American Airlines (Dallas/Fort Worth) has offered its pilots, represented by the Allied Pilots Association, a reported “industry leading contract” according to Terry Maxon of the Dallas News. The two negotiation groups are facing a deadline of Saturday to resolve their outstanding issues with a new tentative agreement. The two parties started talking on July 8. The new contract would not impact the pilots of American Eagle-branded operations.

Read the full article: CLICK HERE

However despite this optimism, the union’s president issued this statement:

Since I forwarded management’s initial joint collective bargaining agreement economic proposals to you yesterday, the feedback we have received on the proposals has been overwhelmingly negative. No disagreement here. Management’s initial proposals are seriously lacking on various fronts.

After reading the letter from American Airlines President Scott Kirby yesterday morning addressed to the APA board of directors, your APA leadership expected something a lot different from what we received. Mr. Kirby noted that issues regarding Scope bring with them “a lot of history and skepticism,” and he’s right. The contrast between Mr. Kirby’s letter and the proposals that followed will only add to that baggage. While there was no call for an increase from 76 seats to 81 seats on commuter aircraft, management instead simply shifted their aim with a Scope proposal to add five seats to the medium-sized (up to 70 seats) regional jets. Moving this limitation would be well outside the industry standard. When compared to the industry standard, what management has proposed would dramatically increase the number of 70-seat commuter aircraft and related capacity flown by regional affiliates.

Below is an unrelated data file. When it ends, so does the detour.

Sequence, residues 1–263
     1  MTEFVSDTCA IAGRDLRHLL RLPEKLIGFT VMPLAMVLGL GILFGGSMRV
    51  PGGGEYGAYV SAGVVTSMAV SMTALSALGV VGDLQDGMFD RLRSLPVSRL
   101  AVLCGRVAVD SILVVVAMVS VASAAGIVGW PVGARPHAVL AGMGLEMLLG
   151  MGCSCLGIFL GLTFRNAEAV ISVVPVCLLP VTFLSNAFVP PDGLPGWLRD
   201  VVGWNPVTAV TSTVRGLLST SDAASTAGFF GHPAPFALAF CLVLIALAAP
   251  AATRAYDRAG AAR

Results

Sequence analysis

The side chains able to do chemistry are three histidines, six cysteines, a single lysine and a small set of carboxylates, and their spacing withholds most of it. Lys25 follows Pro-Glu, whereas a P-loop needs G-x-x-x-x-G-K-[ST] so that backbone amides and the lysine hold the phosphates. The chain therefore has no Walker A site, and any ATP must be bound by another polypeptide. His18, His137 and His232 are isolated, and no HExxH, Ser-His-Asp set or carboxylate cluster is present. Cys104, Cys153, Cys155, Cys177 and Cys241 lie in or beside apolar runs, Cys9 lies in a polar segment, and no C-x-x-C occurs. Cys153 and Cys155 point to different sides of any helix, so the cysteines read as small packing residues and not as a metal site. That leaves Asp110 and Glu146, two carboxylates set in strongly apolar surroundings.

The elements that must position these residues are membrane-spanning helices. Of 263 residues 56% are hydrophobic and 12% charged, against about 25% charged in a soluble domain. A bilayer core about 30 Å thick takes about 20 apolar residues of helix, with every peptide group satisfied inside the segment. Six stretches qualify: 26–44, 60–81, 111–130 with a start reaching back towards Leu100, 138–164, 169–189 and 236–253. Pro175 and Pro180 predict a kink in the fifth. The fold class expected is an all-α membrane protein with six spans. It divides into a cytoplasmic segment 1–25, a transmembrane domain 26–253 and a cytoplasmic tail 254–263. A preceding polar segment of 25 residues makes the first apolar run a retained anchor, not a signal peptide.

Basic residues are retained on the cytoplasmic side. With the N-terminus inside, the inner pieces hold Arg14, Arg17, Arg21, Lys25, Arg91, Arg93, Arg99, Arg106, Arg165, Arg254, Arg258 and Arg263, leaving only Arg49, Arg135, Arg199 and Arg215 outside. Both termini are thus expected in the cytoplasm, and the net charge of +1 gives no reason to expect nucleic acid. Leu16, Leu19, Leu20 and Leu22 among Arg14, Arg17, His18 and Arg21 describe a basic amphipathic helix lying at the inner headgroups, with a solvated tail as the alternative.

In addition, management does not appear to be interested in providing our pilots with a compensation package comparable to industry leader Delta Air Lines. While initially proposed pay rates are fractionally higher than Delta’s current pilot pay rates, there’s little adjustment for the absence of profit-sharing, which this year will equal 15 percent of annual earnings for Delta pilots. This means that American Airlines pilots’ compensation would continue to trail industry leader Delta by a significant margin. Meanwhile, our airline is producing its best-ever financial results, with forecasts of industry-leading profits and margins going forward. What’s wrong with this picture?

Delta’s CEO recently addressed the importance of a “positive employee culture” and “rewarding employees with pay for performance through profit sharing,” adding that it “drives revenue growth and better financial returns.” American Airlines management evidently believes otherwise. With the exception of Spirit Airlines, American Airlines is the only other airline that does not provide profit-sharing to its pilots.